But seven years later, at a May Day celebration, LAPD ignored the injunction and used the same procedures.
“Police opened fire in the park using rubber bullets also with baton strikes, injuring scores of innocent folks. And that case was settled for $12.6 million. A huge hit the city took,” Anderson-Barker recalls.
Police reform advocates point out another reason why civil suits are ineffective in changing police policies: The U.S. Supreme Court.
“The Supreme Court has made it extremely difficult for individuals to bring litigation to seek the kind of reforms that caused them harm. They can only seek compensation,” says Jonathan Smith.
Jonathan Smith is associate dean of experimental and clinical programs at the University of District of Columbia School of Law. He points to a 1983 case, the City of Los Angeles versus Lyons, brought after Los Angeles police officers – under the department’s then prevailing policy – placed the plaintiff, Adolph Lyons, in a chokehold following a traffic stop.
“It went all the way to the Supreme Court, and what the Supreme Court said in Lyons was he didn’t have standing to challenge the policy. He could get compensated, but he didn’t have standing to force them to change the policy because he couldn’t prove they would use the policy against him again. He didn’t have a dog in the fight of what happened going forward,” explains Smith. “And that decision in Lyons interrupted a long string of cases where an individual was able to leverage what happened to them to the greater good.”
Right now, the most effective tool for reform, one that’s used in only the most egregious cases of misconduct, is the consent decree.
The Department of Justice’s Civil Rights Division can issue a consent decree to any law enforcement organization that shows “pattern and practice” of using excessive force or violating people’s civil rights, and force them to change a policy.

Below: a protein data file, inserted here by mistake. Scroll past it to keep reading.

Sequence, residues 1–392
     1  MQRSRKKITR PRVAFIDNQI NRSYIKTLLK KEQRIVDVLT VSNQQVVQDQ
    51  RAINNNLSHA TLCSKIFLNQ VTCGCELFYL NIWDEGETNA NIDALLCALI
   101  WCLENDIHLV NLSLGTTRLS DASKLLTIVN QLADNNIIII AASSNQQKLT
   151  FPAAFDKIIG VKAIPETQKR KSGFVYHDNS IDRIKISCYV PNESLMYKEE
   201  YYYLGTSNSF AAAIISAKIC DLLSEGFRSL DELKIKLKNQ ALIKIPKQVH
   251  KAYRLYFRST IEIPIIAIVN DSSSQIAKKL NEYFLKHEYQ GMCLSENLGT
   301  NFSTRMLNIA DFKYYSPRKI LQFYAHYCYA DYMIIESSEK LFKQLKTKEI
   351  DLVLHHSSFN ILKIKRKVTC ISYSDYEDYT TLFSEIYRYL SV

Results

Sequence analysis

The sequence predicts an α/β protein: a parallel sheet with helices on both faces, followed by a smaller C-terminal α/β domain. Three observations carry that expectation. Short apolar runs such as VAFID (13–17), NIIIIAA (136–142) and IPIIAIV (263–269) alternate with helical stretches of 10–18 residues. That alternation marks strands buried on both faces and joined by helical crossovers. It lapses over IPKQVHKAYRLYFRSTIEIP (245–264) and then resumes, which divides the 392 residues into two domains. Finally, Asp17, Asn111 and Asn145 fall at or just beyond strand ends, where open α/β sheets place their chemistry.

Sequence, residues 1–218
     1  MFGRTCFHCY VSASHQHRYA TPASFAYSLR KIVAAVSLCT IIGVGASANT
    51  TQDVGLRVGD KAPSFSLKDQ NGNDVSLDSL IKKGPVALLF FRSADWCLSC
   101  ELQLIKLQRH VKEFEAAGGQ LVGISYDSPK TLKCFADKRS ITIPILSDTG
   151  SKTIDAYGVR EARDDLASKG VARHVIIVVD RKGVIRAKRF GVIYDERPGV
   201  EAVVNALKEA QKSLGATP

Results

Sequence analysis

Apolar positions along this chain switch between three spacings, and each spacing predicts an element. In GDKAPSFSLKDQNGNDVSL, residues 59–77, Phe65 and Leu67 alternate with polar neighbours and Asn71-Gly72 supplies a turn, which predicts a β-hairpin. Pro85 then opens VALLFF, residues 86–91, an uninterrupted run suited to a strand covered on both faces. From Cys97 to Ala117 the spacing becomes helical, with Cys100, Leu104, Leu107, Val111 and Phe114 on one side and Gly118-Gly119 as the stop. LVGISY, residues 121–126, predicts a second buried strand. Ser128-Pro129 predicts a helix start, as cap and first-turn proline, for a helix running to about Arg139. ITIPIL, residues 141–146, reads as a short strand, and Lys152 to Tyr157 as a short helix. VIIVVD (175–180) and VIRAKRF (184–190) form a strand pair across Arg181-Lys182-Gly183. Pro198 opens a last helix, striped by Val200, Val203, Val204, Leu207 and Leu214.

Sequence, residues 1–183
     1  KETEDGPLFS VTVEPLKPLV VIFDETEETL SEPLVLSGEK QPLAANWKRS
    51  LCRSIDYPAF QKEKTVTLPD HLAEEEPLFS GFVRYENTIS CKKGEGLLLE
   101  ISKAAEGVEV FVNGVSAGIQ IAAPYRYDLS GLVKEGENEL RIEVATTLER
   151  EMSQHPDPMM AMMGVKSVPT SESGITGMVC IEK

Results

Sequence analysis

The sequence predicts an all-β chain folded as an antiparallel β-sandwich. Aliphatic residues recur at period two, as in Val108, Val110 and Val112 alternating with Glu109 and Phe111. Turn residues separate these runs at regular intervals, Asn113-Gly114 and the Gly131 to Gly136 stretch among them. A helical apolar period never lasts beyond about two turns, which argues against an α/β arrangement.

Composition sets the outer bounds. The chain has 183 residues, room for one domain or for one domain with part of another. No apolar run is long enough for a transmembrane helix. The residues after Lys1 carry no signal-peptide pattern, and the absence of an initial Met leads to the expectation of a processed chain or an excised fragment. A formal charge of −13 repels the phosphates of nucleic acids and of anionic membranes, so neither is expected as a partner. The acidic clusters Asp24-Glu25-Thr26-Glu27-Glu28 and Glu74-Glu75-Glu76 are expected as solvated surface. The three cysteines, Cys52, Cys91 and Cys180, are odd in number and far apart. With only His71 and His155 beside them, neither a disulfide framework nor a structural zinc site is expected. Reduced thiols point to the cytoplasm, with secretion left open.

Consent decrees were initiated in response to the Rodney King beating in 1991, and have been issued most recently against police departments in Ferguson, Missouri, Cleveland, and Baltimore in the wake of killings of unarmed black men.
But even a consent decree is no guarantee of long-term change.
“Federal consent decrees, the effectiveness depends on who are enforcing the consent decree, or not enforcing the consent decree, and it depends on the leadership of the police department,” says Joe Dominick.
Joe Dominick is the associate director of the Center on Media Crime and Justice at John Jay College of Criminal Justice and the author of the upcoming book, “Blue: The LAPD and Battle to Redeem American Policing.”
He says consent decrees are the best tool for reform right now but admits the Justice Department can’t use them everywhere, and because of stringent requirements against using them against individual officers, consent decrees are usually only effective against whole departments.
But, Dominick is optimistic that the worst law enforcement policies will be reformed, just not as a result of big civil suits. He says it will stem from public pressure .
“You have a new generation of journalists now who think that this is wrong, that what’s been going on for the past thirty years is wrong. A lot of those young people are for police reform, which wasn’t the case in the seventies and eighties and nineties when the majority of white people wanted the police to be tough,” Dominick points out.
Dominick and other police reform advocates say that, while more Americans are starting to understand what needs to change, whether and how fast those changes will happen remains to be seen.